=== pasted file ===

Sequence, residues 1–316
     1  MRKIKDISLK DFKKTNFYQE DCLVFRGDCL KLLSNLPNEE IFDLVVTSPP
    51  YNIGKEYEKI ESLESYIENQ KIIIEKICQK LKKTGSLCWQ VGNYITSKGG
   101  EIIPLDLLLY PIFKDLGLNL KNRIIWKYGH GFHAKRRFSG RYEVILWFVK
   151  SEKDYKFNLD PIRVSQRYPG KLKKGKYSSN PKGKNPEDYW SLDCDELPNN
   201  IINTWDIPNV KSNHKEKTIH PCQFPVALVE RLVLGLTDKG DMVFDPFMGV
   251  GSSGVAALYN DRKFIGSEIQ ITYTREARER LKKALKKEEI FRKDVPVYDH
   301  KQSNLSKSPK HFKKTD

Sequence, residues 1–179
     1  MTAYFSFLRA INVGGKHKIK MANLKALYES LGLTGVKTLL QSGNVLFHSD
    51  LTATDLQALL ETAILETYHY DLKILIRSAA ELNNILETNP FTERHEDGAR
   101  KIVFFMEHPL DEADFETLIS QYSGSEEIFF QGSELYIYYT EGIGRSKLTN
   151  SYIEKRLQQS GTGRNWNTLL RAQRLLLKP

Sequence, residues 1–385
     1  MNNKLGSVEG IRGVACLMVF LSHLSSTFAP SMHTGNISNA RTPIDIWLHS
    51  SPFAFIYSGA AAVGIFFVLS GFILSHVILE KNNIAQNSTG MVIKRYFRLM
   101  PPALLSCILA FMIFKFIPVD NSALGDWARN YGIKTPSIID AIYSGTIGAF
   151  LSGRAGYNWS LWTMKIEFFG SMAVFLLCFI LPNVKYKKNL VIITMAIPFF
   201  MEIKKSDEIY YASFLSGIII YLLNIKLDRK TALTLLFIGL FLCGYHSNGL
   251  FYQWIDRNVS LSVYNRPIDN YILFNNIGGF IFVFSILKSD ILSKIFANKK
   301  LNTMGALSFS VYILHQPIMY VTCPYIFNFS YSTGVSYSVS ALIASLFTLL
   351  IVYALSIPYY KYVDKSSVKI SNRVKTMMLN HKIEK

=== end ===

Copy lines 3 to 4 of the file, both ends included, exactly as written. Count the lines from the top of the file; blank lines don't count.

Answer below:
    51  YNIGKEYEKI ESLESYIENQ KIIIEKICQK LKKTGSLCWQ VGNYITSKGG
   101  EIIPLDLLLY PIFKDLGLNL KNRIIWKYGH GFHAKRRFSG RYEVILWFVK